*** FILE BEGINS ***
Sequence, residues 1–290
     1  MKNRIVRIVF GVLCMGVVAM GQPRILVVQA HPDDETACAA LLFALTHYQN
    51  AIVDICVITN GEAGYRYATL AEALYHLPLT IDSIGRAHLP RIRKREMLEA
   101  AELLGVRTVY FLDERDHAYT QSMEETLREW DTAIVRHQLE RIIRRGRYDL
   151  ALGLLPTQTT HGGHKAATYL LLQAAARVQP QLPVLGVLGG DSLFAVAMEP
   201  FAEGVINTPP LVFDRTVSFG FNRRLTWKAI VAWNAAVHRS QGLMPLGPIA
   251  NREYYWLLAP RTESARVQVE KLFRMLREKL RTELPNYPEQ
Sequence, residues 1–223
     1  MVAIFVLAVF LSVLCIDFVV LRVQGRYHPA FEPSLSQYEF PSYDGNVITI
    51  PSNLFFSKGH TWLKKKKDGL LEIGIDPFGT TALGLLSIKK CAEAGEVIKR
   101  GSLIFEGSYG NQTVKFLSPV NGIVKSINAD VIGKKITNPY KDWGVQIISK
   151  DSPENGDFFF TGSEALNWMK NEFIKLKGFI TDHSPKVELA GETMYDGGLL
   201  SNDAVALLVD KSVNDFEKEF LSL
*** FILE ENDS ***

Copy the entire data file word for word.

Sequence, residues 1–290
     1  MKNRIVRIVF GVLCMGVVAM GQPRILVVQA HPDDETACAA LLFALTHYQN
    51  AIVDICVITN GEAGYRYATL AEALYHLPLT IDSIGRAHLP RIRKREMLEA
   101  AELLGVRTVY FLDERDHAYT QSMEETLREW DTAIVRHQLE RIIRRGRYDL
   151  ALGLLPTQTT HGGHKAATYL LLQAAARVQP QLPVLGVLGG DSLFAVAMEP
   201  FAEGVINTPP LVFDRTVSFG FNRRLTWKAI VAWNAAVHRS QGLMPLGPIA
   251  NREYYWLLAP RTESARVQVE KLFRMLREKL RTELPNYPEQ
Sequence, residues 1–223
     1  MVAIFVLAVF LSVLCIDFVV LRVQGRYHPA FEPSLSQYEF PSYDGNVITI
    51  PSNLFFSKGH TWLKKKKDGL LEIGIDPFGT TALGLLSIKK CAEAGEVIKR
   101  GSLIFEGSYG NQTVKFLSPV NGIVKSINAD VIGKKITNPY KDWGVQIISK
   151  DSPENGDFFF TGSEALNWMK NEFIKLKGFI TDHSPKVELA GETMYDGGLL
   201  SNDAVALLVD KSVNDFEKEF LSL